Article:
Advanced eye tracking technology applied to driver training by a Perth company is improving drivers' hazard perception skills.
The technology, developed by Edith Cowan University, has previously been used to train paramedics to assess risks in highly hazardous scenarios like attending an unconscious patient in a crowded nightclub.
However, Shawsett Safety and Training managing director Steve Shaw says the technology has never before been used to train drivers and will result in massive reductions in driver training course duration from three weeks to three hours.
The system is the result of an international search Mr Shaw undertook to find better driver training methods.
The search ended with CSIRO's SME Engagement Centre and a connection to Edith Cowan University Associate Professor Owen Carter.
A/Prof Carter says the eye tracking technology works through a large, high definition television screen (giving 120 degree vision), with a series of eye tracking cameras at the bottom.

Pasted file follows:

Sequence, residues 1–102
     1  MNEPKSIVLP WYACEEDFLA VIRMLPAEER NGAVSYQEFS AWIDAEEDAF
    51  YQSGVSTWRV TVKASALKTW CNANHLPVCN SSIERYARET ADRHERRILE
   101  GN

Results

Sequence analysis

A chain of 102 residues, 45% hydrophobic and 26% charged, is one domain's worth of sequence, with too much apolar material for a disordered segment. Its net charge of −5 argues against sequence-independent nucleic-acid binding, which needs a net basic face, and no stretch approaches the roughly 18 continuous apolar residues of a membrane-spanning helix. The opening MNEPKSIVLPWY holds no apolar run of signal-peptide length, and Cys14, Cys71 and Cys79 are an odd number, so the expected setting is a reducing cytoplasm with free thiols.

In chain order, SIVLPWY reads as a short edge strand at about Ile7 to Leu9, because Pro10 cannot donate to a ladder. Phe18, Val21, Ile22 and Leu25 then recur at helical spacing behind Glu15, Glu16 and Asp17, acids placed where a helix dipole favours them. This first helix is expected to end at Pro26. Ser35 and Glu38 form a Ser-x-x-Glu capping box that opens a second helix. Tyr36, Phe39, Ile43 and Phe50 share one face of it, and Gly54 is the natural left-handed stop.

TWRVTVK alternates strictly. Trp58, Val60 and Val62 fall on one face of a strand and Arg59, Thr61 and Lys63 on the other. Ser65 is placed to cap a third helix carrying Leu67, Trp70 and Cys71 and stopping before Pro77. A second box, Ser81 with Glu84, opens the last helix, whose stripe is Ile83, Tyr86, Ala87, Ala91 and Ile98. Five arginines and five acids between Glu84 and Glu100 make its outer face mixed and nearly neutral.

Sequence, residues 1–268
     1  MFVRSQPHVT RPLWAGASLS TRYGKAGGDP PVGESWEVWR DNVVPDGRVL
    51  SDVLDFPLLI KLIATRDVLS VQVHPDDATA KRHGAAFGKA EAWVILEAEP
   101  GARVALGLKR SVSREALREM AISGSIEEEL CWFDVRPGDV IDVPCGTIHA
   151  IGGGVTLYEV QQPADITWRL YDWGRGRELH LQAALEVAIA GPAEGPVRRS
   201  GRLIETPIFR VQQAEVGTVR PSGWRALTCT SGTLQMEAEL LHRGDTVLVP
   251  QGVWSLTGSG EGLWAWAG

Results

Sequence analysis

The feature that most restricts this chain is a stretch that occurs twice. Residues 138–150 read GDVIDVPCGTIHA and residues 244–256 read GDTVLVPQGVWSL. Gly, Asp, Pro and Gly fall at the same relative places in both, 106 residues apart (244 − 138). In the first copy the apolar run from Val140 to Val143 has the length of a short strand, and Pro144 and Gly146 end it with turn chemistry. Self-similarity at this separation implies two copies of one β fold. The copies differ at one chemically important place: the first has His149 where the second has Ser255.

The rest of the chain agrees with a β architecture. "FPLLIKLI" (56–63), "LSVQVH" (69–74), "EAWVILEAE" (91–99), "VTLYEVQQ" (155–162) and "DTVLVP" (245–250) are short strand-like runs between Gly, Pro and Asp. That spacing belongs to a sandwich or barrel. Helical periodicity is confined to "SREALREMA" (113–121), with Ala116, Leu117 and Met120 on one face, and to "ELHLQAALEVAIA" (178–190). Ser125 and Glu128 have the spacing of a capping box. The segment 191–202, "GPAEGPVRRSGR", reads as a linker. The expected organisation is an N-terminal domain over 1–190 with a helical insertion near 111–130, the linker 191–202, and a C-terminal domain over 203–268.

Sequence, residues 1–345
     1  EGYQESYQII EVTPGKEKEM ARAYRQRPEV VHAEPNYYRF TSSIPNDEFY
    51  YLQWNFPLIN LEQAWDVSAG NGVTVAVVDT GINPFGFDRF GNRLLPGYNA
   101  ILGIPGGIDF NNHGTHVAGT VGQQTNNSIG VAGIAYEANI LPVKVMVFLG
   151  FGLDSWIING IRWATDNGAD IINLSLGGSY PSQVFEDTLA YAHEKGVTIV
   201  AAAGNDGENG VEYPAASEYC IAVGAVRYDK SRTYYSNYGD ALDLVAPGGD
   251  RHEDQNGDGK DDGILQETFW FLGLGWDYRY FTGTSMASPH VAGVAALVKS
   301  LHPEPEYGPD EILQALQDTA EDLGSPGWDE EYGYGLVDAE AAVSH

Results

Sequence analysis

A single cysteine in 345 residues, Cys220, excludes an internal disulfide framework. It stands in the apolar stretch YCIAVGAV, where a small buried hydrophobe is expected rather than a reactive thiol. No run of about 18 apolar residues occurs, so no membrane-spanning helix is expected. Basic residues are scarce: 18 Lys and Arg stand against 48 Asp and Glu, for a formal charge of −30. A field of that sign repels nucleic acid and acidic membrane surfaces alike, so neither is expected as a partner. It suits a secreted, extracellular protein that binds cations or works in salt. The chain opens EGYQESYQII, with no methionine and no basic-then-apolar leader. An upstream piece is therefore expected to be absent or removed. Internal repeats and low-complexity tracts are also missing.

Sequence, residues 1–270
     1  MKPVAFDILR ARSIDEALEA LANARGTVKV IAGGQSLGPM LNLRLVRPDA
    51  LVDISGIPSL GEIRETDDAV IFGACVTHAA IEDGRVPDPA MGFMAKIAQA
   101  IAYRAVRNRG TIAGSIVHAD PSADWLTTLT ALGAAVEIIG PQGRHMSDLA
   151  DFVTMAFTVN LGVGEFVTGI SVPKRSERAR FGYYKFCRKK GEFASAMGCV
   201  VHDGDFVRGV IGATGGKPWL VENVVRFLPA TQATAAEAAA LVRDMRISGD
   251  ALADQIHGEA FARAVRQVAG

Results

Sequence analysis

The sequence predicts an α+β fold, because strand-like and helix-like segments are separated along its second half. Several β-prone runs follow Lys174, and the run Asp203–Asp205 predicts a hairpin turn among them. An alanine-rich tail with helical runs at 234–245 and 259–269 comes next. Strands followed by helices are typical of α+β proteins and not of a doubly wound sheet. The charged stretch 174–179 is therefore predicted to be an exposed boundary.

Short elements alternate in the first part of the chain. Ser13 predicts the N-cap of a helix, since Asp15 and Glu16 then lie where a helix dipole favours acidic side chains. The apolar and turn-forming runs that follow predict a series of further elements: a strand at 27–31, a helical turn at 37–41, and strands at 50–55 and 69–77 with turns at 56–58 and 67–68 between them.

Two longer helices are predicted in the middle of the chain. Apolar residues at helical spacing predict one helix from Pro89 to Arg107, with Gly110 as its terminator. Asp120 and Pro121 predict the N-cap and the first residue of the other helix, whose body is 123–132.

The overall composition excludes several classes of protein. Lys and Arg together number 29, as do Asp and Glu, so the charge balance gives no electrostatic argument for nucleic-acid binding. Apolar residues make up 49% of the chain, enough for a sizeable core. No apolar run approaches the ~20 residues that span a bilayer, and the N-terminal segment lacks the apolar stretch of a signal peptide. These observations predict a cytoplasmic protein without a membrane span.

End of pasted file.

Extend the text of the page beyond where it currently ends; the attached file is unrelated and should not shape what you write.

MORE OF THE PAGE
Visual tracking reveals that at an intersection expert drivers will flick a glance at the car ahead then keep an eye on it in their peripheral vision but are fixating on other potential areas of risk.
They will look as far down the road as they can to anticipate vehicles, whereas novices only attend to their immediate area and vehicles just arrived at the intersection.
A/Prof Carter says good results were immediately evident when ten Rio Tinto staff who had undergone the visual tracking driver training were compared to ten who had no training.
"The untrained group visually fixated mainly upon the traffic in front of them in the middle of the road while the trained group practiced significantly more visual scanning for hazards ahead and to the left and right of the road," A/Prof Carter says.
"The significance of this research was two-fold; it confirms that drivers' visual scanning behaviours can be trained rapidly using simulation and eye-tracking enhanced methods.
"It also demonstrated that this learning transferred directly to actual driving behaviours in real life.
"The important thing is, we can teach drivers a whole lot of visual scanning techniques just while they are staring at a TV screen in an office."
Previously, the preferred training method for drivers was on the road, using 'think aloud commentary' where the driver describes what they are seeing but Mr Shaw says it's time consuming and the commentary can be distracting.
Shawsett is seeking investment to make the eye tracking research software more commercially viable.
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